Joanna Waley-Cohen | Liberal arts renaissance in Asia

The provost for NYU Shanghai on the idea of a global networked university and why business is the most popular major on campus

Joanna Waley-Cohen, provost for NYU Shanghai, says the Center for Global Asia promotes the study of significant historical and contemporary Asian interactions that have shaped current-day geopolitics.
Joanna Waley-Cohen, provost for NYU Shanghai, says the Center for Global Asia promotes the study of significant historical and contemporary Asian interactions that have shaped current-day geopolitics.

Singapore: These are exciting times for global higher education in Asia. There is a heightened sense of ambition in the region to create innovative institutions that will meet the explosive demand for higher education to herald the so-called “Asian renaissance”. Alongside a race for top global rankings, leading Asian universities are also competing among themselves to develop a globally competitive workforce that can aspire to both the individual and collective good.

From New Delhi to Singapore to Shanghai, cultural and intellectual interventions are being made by institutions such as Ashoka University, Yale-NUS College (a collaboration between Yale University and National University of Singapore) and New York University Shanghai (NYU Shanghai) to tailor curriculums that generate not just higher salaries, but also better outcomes for human and planetary well being.

The liberal arts education offered by these institutions promises a quality of life that goes beyond simple economics to the fulfilment of an individual’s unique creative potential and character. It seeks to tap the intrinsic value of learning for its own sake; the joy associated with exploring the life of the mind and asking the great questions that give meaning to it; the cultivation of intellectual virtues that are requisite for success beyond the classroom; and the development of a sense of vocation which connects a student to his or her higher purpose or calling.

No easy task but an admirable goal for Asian countries to aspire in their march towards modernity in the 21st century.

China stands out as a prime example in this context today. Within a few decades, it has been able to develop the largest higher education system in the world. And is now preparing to provide its youth with a strong foundation in liberal arts, a focus of study that has been neglected in the past, but is now being systematically revived, as the country seeks to project a softer image of itself as a global superpower on the world stage.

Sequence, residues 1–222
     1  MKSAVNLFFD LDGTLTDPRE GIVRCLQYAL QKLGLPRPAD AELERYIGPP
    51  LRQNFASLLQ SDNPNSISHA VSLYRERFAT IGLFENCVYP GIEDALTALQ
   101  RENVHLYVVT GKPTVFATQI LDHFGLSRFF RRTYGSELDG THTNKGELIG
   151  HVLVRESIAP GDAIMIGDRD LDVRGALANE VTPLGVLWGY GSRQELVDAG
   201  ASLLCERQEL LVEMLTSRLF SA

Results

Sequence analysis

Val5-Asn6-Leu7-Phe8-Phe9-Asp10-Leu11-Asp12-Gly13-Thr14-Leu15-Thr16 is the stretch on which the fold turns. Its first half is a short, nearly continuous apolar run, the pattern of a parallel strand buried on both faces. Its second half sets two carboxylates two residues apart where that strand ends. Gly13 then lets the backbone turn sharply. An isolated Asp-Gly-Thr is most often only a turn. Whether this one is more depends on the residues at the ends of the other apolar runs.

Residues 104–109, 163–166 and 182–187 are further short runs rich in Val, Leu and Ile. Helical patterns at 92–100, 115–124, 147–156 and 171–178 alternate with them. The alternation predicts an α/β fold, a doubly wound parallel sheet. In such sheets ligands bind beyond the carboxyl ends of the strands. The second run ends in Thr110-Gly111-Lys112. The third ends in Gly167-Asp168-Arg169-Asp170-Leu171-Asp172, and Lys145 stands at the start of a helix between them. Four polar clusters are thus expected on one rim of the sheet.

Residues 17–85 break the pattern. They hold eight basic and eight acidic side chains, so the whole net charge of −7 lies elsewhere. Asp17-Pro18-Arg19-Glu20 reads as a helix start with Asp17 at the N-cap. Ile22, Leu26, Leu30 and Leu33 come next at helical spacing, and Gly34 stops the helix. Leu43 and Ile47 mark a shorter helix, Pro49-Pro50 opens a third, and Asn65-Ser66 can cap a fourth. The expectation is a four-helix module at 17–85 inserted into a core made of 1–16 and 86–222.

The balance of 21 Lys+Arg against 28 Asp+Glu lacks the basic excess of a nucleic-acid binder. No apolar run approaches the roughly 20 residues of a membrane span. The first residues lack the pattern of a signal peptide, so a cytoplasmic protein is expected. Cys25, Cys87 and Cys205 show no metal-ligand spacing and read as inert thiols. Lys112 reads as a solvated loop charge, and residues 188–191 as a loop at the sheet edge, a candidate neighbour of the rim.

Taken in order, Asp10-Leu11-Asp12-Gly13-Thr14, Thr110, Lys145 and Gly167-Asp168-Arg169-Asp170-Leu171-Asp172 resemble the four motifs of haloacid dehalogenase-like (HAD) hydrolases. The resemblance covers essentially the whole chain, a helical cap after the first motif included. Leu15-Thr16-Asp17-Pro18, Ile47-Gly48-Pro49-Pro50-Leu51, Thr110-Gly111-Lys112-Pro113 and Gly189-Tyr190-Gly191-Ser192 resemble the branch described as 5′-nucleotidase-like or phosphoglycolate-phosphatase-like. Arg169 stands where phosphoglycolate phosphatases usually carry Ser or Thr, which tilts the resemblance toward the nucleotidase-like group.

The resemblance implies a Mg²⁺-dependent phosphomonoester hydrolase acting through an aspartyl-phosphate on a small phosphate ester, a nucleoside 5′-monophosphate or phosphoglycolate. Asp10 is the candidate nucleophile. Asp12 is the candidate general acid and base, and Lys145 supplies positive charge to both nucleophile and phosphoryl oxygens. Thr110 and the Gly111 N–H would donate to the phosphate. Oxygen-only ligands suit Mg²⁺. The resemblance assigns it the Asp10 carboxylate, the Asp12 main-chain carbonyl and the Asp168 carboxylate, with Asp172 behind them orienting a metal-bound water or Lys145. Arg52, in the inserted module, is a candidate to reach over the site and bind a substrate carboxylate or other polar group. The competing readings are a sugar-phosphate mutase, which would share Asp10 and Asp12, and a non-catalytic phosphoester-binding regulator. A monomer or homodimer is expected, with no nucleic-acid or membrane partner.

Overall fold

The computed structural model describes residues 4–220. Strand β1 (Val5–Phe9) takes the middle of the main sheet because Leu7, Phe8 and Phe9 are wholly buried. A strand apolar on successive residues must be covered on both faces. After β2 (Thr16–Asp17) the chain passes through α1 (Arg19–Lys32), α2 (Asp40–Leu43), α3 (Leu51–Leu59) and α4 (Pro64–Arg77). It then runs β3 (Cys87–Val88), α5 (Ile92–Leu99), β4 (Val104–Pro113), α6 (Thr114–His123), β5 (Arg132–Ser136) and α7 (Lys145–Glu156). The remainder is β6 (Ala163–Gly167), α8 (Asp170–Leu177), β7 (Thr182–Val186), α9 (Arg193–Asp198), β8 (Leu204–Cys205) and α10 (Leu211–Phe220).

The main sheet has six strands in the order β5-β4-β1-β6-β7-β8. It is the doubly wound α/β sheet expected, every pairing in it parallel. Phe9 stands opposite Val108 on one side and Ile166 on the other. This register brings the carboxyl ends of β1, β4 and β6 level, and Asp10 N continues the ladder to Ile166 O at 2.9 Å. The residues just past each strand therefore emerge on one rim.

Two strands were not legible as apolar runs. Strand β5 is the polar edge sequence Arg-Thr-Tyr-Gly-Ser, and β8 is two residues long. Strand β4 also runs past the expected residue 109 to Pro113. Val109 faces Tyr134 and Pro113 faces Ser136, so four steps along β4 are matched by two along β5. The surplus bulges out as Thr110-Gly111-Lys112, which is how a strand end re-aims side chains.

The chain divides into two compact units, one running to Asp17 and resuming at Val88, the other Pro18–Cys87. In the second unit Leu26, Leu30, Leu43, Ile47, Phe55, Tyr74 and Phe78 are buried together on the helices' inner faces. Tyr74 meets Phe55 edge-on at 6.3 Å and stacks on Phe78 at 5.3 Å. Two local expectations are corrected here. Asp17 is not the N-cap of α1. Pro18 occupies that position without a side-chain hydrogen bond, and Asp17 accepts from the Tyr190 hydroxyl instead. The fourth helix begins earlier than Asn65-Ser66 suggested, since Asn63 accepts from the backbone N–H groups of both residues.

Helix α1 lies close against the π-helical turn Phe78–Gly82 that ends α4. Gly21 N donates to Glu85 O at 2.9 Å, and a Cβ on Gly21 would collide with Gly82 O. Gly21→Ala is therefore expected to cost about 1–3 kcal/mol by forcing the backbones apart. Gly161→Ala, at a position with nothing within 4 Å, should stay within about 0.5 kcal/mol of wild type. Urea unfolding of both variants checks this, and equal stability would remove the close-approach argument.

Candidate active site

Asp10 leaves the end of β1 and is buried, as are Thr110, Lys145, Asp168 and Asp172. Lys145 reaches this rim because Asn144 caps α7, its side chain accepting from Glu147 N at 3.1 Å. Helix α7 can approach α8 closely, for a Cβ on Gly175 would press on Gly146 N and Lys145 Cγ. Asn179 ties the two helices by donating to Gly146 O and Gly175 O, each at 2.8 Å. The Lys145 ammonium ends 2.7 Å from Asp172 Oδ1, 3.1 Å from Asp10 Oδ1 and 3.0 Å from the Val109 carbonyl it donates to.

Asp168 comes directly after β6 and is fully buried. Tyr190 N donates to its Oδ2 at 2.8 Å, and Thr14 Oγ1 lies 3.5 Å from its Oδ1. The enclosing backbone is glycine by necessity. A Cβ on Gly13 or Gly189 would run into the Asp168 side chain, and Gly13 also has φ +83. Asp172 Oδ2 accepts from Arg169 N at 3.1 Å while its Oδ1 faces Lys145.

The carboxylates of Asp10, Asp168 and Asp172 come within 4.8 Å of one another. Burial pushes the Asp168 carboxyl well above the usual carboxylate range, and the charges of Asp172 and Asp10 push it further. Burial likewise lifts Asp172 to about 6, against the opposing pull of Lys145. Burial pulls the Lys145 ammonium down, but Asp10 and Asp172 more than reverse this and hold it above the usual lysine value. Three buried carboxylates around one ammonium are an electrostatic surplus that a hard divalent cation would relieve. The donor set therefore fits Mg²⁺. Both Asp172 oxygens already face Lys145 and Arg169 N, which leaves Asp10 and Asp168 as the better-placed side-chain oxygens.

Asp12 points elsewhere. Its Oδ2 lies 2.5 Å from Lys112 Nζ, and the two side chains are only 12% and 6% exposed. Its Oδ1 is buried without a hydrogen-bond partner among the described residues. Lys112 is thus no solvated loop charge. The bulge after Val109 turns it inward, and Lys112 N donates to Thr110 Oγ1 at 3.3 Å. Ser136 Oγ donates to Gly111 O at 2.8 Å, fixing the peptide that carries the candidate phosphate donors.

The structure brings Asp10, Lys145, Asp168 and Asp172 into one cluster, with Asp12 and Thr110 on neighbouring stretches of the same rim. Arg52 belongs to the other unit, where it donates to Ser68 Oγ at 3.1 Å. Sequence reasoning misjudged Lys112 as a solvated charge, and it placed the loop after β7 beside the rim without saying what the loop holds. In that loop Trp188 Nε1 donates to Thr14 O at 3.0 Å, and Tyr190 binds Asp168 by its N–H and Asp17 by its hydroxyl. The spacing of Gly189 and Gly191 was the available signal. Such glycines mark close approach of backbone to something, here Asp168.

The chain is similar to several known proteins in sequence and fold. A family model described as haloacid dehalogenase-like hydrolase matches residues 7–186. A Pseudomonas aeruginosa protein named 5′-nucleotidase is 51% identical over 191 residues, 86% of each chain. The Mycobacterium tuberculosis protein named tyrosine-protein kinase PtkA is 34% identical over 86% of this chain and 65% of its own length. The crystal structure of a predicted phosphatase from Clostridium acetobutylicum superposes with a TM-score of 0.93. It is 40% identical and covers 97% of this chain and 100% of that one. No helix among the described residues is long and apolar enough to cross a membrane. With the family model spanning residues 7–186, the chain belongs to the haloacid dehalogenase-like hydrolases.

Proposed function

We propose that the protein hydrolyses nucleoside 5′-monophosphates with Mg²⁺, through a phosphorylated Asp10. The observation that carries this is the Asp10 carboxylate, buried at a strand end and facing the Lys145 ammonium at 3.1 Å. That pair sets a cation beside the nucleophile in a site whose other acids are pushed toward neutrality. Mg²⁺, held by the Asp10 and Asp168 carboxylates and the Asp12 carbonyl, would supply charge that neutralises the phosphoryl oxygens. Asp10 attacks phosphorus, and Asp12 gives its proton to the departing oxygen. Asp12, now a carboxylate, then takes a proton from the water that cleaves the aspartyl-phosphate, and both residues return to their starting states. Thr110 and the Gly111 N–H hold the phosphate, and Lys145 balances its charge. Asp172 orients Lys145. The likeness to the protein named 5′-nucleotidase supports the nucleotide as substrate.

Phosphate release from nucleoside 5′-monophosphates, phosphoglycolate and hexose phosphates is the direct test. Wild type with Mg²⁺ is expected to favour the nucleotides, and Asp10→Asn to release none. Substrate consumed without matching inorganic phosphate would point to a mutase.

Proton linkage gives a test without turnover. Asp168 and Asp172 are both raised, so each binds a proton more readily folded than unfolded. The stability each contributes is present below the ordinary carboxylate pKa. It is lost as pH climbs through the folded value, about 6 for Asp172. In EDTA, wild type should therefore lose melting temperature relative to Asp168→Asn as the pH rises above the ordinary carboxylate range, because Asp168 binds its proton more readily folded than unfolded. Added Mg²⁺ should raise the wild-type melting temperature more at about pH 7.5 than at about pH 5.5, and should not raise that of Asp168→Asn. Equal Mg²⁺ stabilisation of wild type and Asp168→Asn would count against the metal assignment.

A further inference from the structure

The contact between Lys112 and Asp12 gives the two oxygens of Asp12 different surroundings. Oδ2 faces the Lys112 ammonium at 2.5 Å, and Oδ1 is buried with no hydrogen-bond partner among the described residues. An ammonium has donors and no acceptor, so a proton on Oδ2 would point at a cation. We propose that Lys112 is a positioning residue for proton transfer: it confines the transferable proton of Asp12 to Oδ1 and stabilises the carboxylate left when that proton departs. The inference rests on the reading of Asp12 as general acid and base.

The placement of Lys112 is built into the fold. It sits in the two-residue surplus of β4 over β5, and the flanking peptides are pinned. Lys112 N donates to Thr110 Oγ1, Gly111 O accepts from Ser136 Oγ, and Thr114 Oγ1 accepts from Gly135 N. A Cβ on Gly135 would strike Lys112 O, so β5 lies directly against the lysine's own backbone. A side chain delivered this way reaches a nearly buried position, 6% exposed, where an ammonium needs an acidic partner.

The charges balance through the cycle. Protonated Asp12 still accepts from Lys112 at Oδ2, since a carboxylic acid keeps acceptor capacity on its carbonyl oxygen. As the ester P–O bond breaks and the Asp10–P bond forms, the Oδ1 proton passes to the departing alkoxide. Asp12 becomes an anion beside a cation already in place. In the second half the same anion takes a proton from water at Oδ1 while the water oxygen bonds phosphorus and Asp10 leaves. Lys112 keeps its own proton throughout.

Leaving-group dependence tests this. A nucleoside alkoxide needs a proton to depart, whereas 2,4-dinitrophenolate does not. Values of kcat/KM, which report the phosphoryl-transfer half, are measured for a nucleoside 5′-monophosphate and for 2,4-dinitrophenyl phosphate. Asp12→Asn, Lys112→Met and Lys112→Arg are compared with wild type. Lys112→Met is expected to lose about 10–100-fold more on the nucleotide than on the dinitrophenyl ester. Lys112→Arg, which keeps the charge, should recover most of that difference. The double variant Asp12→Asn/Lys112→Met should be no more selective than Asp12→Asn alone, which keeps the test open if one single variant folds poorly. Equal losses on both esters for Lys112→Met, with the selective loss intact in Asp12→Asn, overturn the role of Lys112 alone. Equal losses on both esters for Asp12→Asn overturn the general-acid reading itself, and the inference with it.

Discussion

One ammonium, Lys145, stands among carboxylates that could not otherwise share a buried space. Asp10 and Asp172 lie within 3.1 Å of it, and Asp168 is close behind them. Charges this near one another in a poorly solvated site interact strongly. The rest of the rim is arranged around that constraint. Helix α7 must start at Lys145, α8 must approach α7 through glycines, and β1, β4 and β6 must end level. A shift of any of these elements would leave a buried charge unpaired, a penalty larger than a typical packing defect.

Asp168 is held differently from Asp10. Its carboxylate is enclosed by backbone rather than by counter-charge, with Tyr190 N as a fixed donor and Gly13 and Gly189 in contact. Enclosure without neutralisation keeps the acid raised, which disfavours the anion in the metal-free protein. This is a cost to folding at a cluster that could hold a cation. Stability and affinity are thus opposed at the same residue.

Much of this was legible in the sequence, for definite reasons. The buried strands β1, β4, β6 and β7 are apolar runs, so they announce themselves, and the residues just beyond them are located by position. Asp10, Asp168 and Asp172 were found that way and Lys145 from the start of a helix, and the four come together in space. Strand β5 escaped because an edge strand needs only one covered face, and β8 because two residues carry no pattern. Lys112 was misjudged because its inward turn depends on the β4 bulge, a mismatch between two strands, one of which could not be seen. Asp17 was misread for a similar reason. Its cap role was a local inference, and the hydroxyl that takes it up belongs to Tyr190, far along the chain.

“NYU Shanghai, launched in 2013, is an audacious and daring experiment for both China and NYU,” says Joanna Waley-Cohen, provost for NYU Shanghai and Julius Silver professor of history at New York University, where she has taught Chinese history since 1992. “We were invited by the Chinese government to help establish a world-class liberal arts university in Shanghai that fulfils the country’s vision of engaging in new ways with the rest of the world, while simultaneously developing the creative potential of its own workforce to serve China.”

NYU Shanghai, a joint venture between East China Normal University (ECNU) and NYU, is the first Sino-US joint research university partnership. It is also the first to offer a comprehensive four-year undergraduate liberal arts education in China. Students earn a degree awarded by NYU as well as a Chinese diploma.

Today, 1,200 students from over 60 countries study on its campus in Lujiazui in the heart of Shanghai’s newly developed Pudong district.

The diversity is carefully calibrated to represent a global mix. Each class of 300 constitutes 151 students from China and 149 students from the US, and 60 other countries, including India. Courses are taught in English but all international students must gain proficiency in Mandarin in order to graduate.

Students live in a residence hall close to campus. Chinese and non-Chinese students are paired together to facilitate cross-cultural interaction and understanding. Classes tend to be small and the university tries to foster a culture of intensive faculty mentoring. Curriculum is designed keeping in mind the demands of the global and Chinese workplace, combined with the liberal arts vision of “educating the whole person”.

“NYU Shanghai offers a broad-based core curriculum as well as majors in the arts and sciences,” says Waley-Cohen.

Students are offered a tyranny of choice of specialized majors. Some of them include global China studies, Integrated Humanities, engineering, math, business and finance, economics, physics, neural sciences, interactive media arts.

“Young leaders today more than ever need to have the ability to think across cultures and disparate disciplines in order to make sense of the vast quantities of disparate information that bombard them in ever greater quantity 24/7. In short, to think in a way that liberal arts education teaches,” says Waley-Cohen.

The provost admits the most popular major on campus is business, something she and her team are trying to change.

“While business is important, we want our students to look at other options. (Facebook’s chief operating officer) Sheryl Sandberg, (Alibaba founder) Jack Ma did not major in business and went on to have hugely successful careers,” she tells her students.

“Indeed, many leading businesses today prefer hiring liberal arts graduates as they have a highly creative mindset to think outside the box to solve problems and identify new opportunities. They are also viewed as having a strong moral compass,” she adds.

In an age that has suffered tremendous financial crises—partly as a result of a failure of managers and leaders in business as well as in governments to grasp the larger picture— the liberal arts seem to indeed be more essential than ever. A cause that Waley-Cohen champions fervently.